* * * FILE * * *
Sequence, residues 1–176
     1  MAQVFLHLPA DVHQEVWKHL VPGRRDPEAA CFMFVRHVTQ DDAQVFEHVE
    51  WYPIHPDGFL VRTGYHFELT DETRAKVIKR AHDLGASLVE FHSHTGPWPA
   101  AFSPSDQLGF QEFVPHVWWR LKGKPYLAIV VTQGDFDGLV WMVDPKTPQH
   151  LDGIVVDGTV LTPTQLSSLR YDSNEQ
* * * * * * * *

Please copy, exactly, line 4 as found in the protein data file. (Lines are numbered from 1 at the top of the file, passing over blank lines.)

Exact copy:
   101  AFSPSDQLGF QEFVPHVWWR LKGKPYLAIV VTQGDFDGLV WMVDPKTPQH